One of the benefits of mankind’s tendency to explore new areas is that we find new herbal lore. These herbs may then be studied and turned into new medications or new food plants.
This is true of the exploration of the Southwest of the U.S. New foods and new medicinal herbs were discovered. Some of them are very useful and some of them are very deadly.
The Anasazi tribe were long gone from the scene when the first settlers spread into the Southwest, but they left some very interesting evidence of their stay. Cliff dwellings were carved out of the rock, and crops were planted in the thin soil. One such crop was a type of bean, which is still grown and sold. They are mottled red and white beans similar in taste and size to pintos.
Related, yes…but not considered addictive. It was used to as a sedative and antispasmodic. The juice from the plant was put on a toothache, and those with headaches or anxiety found it useful. Care should be taken if you choose to use this plant. Don’t take it with other herbs or medications that can cause drowsiness.
This plant is still used in local cuisine, particularly in black bean dishes. Native uses for the plant included getting rid of intestinal parasites, asthma, gout, excess mucus and various other conditions. Studies are being done to see which of these may be accurate.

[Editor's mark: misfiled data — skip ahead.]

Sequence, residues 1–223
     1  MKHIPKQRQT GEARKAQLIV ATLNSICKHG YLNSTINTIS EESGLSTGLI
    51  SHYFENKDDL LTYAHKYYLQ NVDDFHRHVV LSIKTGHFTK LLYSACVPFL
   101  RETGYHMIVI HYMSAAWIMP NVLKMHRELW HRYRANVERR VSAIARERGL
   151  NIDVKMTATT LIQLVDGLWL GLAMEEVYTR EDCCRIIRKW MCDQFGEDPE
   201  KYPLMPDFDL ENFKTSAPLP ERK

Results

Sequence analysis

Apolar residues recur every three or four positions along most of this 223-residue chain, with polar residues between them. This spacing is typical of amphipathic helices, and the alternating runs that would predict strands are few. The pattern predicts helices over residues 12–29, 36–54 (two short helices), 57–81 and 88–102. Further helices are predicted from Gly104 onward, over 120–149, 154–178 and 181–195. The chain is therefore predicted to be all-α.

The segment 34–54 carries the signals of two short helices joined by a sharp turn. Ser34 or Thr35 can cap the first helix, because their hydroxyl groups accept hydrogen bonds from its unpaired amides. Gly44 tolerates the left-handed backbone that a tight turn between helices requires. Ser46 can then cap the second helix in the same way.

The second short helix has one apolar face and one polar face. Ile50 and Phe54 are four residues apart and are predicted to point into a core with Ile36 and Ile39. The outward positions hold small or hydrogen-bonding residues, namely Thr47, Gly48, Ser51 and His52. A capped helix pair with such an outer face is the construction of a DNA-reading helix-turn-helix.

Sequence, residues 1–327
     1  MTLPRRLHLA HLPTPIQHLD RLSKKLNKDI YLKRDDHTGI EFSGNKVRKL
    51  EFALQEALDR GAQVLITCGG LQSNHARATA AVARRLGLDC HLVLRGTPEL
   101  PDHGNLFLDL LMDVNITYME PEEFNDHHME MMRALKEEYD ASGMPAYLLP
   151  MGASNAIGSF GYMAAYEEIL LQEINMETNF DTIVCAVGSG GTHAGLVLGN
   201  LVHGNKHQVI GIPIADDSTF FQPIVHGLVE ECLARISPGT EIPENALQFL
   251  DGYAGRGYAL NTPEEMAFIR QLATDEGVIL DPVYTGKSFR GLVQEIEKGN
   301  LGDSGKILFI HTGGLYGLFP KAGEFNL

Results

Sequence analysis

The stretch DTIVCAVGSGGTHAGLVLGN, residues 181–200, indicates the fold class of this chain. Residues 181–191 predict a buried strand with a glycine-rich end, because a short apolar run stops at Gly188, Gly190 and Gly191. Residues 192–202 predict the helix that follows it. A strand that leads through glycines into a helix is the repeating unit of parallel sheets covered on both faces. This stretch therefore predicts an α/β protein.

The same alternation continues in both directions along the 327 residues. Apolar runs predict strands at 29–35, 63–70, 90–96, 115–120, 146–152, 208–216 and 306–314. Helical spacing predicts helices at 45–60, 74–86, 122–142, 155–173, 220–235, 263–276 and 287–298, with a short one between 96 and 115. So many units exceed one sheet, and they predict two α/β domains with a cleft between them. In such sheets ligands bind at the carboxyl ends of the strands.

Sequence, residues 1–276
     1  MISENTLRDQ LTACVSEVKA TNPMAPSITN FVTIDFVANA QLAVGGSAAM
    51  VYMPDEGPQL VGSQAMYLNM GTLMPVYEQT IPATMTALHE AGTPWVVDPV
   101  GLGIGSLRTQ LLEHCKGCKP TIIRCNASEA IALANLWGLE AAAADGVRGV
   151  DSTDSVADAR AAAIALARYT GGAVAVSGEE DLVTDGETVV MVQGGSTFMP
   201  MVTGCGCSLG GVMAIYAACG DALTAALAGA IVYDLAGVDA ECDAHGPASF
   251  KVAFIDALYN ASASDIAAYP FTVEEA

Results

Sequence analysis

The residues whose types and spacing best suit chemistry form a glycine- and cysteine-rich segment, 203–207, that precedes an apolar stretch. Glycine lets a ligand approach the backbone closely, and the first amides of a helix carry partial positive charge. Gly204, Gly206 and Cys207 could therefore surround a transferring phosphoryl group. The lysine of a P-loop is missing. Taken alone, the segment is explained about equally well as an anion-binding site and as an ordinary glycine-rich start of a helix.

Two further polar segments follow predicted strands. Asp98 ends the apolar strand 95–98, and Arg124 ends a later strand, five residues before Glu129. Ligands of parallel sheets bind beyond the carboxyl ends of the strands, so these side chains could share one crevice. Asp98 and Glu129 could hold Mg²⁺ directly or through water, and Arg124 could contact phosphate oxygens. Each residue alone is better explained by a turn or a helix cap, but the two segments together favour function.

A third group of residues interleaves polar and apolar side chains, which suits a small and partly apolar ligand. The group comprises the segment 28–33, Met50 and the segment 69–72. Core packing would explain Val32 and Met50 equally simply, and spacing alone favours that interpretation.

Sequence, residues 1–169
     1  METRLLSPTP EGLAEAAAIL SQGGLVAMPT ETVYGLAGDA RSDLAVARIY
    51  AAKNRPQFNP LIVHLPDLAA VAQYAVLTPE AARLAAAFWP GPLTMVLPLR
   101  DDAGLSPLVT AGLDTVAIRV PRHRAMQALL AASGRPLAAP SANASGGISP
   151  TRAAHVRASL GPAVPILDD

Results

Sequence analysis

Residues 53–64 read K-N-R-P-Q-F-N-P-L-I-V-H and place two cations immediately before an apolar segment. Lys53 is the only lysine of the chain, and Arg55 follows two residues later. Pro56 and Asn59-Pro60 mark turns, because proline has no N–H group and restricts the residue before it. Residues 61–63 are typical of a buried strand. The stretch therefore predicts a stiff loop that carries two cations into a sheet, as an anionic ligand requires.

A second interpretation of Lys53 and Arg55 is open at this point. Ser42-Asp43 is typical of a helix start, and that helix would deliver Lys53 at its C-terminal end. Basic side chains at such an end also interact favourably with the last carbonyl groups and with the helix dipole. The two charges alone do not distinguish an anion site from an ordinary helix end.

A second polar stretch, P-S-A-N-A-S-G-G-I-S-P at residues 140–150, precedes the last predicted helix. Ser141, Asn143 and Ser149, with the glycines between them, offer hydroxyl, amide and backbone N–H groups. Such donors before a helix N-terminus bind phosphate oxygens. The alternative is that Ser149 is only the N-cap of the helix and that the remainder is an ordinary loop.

This is one of the deadly ones, and has been banned because of it. This herb contains epinephrine, which is great…if you’re a doctor. It sets off the body’s fight or flight reaction, and can cause heart attacks, strokes and interfere with several medications.
Most of us instantly picture a barbecue and the flavors this aromatic wood can imbue into our food. However, at one point in time, it was (and in some places still is) used as food. The food is not from the wood, but the bean pods, which are ground and used to make breads, wine and jelly.
This relative of deadly nightshade is a native of Mexico, South American and the U.S. Southwest. Like ephedra, it’s deadly to those who use it. It did have one purpose; until inhalers were invented, tobacco was one of the treatments for asthma.
This herb isn’t well known, but that could change. Like echinacea, it seems to improve the immune system. Studies are ongoing, but it looks promising. The only problem is that the plant is on the “to-watch” list because it’s habitat is threatened.
Mary Bodel has been a master herbalist since 2004 although my training began long before I reached that level. I believe that health encompasses more than taking care of our bodies. It involves everything from what we eat to what we read.